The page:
On 19 November 1964, Defense Secretary McNamara announced the phase-out of remaining first-generation SM-65 Atlas and Titan I missiles by the end of June 1965. This objective was met. All wing missiles went off alert status on 26 March 1965 and the wing phased down for inactivation. On 25 June 1965, the 724th SMS and 725th SMS were inactivated. SAC removed the last missile from Lowry on 14 April 1965.

Global War on TerrorismEdit

The 451st Air Expeditionary Group was activated in 2002 as part of the Global War on Terrorism, conducting operations from Kandahar Airfield, Afghanistan. The group was responsible for air control of the southern region of Afghanistan, launch and recovery operations for the MQ-1 Predator and MQ-9 Reaper aircraft, the employment of combat search and rescue forces throughout the entire country and ground security and defense of the airfield. Included in the group are safety, logistics, communications, civil engineer.

Due to the growth in size and requirements of the USAF mission at Kandahar, the 451 AEG was enlarged to a wing-level organization, redesignated as the 451st Air Expeditionary Wing (451 AEW) and activated as such on 2 July 2009.[2]

The wing was downsized to a group in January 2014 as part of the Afghanistan drawdown.[3]

Former components:


  • Constituted as 451st Bombardment Group (Heavy) on 6 April 1943.
Activated on 1 May 1943
Inactivated on 26 September 1945
  • Established as the 451st Strategic Missile Wing (ICBM-Titan) July 1, 1961
Activated on July 1, 1961
Bestowed history, honors, and heraldry of 451st Bombardment Group passed to wing by HQ USAF upon activation.
Organized 1 July 1961, assuming missiles, personnel and equipment of the 703d Strategic Missile Wing (Inactivated)[9]
Discontinued and inactivated 25 June 1965
  • Converted to provisional status and allocated to Air Combat Command
  • Redesignated 451st Air Expeditionary Group 2002 (exact date uncertain)
Activated 2002 (exact date uncertain)
  • Redesignated 451st Air Expeditionary Wing 2 July 2009

Note: Reference for unit lineage.[10][11] As with most public information about Air Expeditionary Units activated during the Global War on Terrorism, the status of the bestowed Honors, and Heraldry of the unit is unclear.


47th Bombardment Wing, 11 December 1943 – 6 April 1944
49th Bombardment Wing, 6 April 1944 – 19 June 1945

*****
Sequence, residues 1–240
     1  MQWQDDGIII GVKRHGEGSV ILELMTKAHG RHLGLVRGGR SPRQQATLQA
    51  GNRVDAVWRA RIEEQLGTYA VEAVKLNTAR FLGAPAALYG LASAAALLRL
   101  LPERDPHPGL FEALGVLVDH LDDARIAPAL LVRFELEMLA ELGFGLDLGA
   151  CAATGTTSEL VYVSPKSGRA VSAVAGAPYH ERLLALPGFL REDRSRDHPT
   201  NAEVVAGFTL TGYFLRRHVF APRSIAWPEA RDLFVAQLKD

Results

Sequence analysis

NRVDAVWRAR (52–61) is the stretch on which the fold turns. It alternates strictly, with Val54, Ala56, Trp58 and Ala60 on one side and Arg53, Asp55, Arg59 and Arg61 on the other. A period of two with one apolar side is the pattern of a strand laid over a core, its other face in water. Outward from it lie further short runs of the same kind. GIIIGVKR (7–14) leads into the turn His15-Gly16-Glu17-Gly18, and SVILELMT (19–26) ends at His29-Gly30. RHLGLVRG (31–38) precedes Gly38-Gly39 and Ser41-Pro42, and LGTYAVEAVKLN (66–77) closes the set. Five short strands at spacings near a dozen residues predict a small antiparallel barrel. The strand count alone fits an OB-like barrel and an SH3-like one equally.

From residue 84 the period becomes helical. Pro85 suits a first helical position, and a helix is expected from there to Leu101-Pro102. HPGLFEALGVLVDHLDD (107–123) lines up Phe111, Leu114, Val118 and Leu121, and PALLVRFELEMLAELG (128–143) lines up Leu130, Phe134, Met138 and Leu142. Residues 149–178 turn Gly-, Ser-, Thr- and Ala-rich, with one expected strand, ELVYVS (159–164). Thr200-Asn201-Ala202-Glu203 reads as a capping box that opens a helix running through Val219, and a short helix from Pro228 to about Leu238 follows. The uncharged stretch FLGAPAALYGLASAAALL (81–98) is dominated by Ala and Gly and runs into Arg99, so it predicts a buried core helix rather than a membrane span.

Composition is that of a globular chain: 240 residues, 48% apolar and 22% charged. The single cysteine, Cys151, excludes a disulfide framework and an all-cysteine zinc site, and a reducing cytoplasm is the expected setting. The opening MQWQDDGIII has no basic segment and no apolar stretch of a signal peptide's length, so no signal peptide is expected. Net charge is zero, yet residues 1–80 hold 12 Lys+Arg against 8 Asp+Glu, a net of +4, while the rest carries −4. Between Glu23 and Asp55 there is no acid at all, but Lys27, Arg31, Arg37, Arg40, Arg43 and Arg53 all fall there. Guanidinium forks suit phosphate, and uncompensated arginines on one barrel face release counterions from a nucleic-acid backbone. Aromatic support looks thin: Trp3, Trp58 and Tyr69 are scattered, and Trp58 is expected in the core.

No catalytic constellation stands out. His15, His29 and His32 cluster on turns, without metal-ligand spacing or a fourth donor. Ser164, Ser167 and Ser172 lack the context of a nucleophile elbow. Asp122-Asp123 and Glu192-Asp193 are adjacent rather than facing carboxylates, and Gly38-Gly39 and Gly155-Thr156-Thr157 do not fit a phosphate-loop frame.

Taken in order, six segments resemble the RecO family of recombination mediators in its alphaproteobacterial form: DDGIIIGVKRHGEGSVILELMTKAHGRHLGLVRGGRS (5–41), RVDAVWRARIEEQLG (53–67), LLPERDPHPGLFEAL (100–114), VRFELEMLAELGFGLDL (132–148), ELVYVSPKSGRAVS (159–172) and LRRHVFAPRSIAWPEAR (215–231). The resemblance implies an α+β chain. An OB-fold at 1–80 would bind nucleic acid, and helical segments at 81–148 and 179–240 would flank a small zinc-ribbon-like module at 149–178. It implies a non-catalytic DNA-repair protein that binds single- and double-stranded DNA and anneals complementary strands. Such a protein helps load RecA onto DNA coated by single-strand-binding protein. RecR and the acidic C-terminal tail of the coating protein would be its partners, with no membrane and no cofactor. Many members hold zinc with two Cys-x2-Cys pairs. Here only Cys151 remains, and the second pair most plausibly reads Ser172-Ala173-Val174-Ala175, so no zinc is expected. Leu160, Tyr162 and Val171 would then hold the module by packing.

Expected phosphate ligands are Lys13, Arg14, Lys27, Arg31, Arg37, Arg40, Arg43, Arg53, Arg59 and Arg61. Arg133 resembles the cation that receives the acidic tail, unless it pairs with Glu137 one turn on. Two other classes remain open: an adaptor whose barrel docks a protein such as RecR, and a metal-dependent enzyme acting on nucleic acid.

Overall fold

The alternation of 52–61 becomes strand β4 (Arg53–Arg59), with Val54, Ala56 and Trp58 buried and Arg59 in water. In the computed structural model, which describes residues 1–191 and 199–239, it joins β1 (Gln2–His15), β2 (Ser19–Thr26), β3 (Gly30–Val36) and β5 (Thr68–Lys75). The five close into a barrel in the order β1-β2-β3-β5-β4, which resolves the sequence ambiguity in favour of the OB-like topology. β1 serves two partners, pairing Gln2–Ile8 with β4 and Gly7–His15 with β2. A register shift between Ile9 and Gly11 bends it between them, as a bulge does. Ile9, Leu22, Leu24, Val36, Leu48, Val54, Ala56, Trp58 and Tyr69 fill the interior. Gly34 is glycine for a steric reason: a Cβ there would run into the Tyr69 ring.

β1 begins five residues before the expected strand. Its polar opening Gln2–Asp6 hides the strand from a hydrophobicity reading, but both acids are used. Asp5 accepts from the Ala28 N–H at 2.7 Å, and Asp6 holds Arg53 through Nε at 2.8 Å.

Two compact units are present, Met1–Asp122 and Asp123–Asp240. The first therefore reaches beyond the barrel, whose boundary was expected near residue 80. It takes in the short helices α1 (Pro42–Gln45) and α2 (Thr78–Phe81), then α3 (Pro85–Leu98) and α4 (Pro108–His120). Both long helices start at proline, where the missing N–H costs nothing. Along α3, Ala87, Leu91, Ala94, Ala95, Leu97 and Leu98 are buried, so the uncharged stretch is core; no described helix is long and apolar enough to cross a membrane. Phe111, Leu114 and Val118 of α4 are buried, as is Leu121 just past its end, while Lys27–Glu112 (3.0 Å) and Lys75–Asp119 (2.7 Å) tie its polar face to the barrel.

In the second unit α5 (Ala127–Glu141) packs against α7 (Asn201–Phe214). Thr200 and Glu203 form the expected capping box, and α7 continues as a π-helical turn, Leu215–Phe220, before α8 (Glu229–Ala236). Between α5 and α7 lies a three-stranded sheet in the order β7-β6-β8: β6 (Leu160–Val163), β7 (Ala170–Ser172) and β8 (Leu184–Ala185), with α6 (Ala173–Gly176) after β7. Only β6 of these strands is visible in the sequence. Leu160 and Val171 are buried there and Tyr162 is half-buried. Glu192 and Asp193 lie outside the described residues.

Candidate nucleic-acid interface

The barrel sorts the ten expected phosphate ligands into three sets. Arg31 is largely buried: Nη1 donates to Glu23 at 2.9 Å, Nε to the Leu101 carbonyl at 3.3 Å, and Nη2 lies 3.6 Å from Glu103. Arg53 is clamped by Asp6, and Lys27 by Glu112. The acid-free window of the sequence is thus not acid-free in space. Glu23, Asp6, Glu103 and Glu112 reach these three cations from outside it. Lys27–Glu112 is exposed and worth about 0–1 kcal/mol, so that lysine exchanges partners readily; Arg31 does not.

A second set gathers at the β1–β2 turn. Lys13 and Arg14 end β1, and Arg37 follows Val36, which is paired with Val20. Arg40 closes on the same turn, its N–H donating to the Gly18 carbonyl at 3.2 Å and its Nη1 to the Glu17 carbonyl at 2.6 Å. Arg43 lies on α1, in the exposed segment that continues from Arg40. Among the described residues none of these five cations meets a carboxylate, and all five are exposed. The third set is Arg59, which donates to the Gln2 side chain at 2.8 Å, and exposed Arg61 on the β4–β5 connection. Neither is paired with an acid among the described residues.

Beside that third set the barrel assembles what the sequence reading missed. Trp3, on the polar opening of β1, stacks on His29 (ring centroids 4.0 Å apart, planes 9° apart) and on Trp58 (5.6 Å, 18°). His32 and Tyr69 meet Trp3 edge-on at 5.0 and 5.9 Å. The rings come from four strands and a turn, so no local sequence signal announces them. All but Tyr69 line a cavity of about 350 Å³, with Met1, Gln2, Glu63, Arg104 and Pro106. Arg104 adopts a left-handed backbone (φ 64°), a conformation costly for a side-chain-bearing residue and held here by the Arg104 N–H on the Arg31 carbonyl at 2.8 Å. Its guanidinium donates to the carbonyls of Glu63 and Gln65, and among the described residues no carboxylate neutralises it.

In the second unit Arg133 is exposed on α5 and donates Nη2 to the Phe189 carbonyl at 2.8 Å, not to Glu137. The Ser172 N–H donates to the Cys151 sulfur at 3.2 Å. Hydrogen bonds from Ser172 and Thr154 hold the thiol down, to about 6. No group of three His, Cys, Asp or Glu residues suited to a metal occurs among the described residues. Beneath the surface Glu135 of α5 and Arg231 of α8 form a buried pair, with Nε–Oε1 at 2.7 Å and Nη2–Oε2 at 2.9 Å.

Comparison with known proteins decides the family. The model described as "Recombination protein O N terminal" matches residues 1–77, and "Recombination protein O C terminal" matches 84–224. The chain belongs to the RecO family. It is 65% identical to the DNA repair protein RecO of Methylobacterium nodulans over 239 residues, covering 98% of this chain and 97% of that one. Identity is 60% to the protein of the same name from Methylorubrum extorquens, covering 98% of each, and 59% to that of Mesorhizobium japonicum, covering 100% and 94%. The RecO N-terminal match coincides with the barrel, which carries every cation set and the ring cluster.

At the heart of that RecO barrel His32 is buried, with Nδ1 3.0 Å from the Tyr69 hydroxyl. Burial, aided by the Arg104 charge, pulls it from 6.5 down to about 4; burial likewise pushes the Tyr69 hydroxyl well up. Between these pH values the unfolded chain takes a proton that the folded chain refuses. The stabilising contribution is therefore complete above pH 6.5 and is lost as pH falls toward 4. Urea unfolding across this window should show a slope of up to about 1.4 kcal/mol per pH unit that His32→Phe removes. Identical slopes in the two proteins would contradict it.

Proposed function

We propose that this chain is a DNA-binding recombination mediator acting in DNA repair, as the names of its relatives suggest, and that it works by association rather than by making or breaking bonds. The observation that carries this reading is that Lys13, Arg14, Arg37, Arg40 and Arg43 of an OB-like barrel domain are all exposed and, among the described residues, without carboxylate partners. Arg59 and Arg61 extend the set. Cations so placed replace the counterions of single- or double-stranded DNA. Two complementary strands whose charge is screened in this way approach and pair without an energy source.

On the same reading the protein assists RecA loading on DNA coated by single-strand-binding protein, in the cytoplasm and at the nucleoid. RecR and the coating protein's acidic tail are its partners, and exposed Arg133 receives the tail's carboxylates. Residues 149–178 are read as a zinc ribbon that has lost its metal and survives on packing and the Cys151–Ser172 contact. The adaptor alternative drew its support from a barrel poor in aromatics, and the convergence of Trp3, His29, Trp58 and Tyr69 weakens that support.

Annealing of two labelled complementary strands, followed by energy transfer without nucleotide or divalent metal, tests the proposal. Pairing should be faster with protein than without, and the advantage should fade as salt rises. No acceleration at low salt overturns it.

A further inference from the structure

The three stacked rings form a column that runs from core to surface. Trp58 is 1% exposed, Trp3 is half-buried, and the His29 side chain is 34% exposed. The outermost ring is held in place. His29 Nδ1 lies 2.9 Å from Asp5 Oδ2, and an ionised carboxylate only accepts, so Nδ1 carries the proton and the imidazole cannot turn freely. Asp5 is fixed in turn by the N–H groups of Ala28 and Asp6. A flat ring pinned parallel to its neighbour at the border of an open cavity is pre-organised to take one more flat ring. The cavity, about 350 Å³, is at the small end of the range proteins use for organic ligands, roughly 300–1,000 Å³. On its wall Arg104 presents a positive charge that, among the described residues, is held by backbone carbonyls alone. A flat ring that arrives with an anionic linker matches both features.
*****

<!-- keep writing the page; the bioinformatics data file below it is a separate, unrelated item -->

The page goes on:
• Continental Air Forces
First Air Force, 19 June – 16 September 1945
13th Air Division, 1 July 1961 – 25 June 1965
455th Air Expeditionary Wing,  ?? ??? 2002 – 2 July 2009
Ninth Air Force, since 2 July 2009



Aircraft assignedEdit


PD-icon.svg This article incorporates public domain material from the Air Force Historical Research Agency website


  1. Tech. Sgt. Renni Thornton, 62d ERS reaches 250K flying hours in AOR, 6/16/2010, 451st Air Expeditionary Wing Public Affairs
  2. General takes to the sky in Afghanistan, Air Force News Service
  3. 451st Air Expeditionary Wing transitions to Group at Kandahar Airfield, 1/15/2014, 455th Air Expeditionary Wing Public Affairs
  4. 702d Expeditionary Airlift Squadron deactivates at Kandahar Airfield
  5. Rescue squadron deactivates at Camp Bastion, Trevor Martin, January 06, 2014
  6. Last rescue squadrons leaving Kandahar, Air Force Times
  7. Rescue squadrons close chapter in southern Afghanistan
  8. 651st EAES scheduled for deactivation, Capt. Jason Smith, 451st Air Expeditionary Wing Public Affairs
  9. USAFHRA document 00425998
  10. Ravenstein, Charles A. Air Force Combat Wings Lineage and Honors Histories, 1947–1977. Maxwell AFB, Alabama: Office of Air Force History, 1984. ISBN 0-912799-12-9.
  11. Maurer, Maurer. Air Force Combat Units Of World War II. Maxwell AFB, Alabama: Office of Air Force History, 1983. ISBN 0-89201-092-4.


  • Hill, Michael. The 451st Bomb Group in World War II: A Pictorial History. Atglen, Pennsylvania: Schiffer Publishing, 2000. ISBN 0-7643-1287-1.
  • Maurer, Maurer. Air Force Combat Units Of World War II. Maxwell AFB, Alabama: Office of Air Force History, 1983. ISBN 0-89201-092-4.
  • Ravenstein, Charles A. Air Force Combat Wings Lineage and Honors Histories, 1947–1977. Maxwell AFB, Alabama: Office of Air Force History, 1984. ISBN 0-912799-12-9.

External linksEdit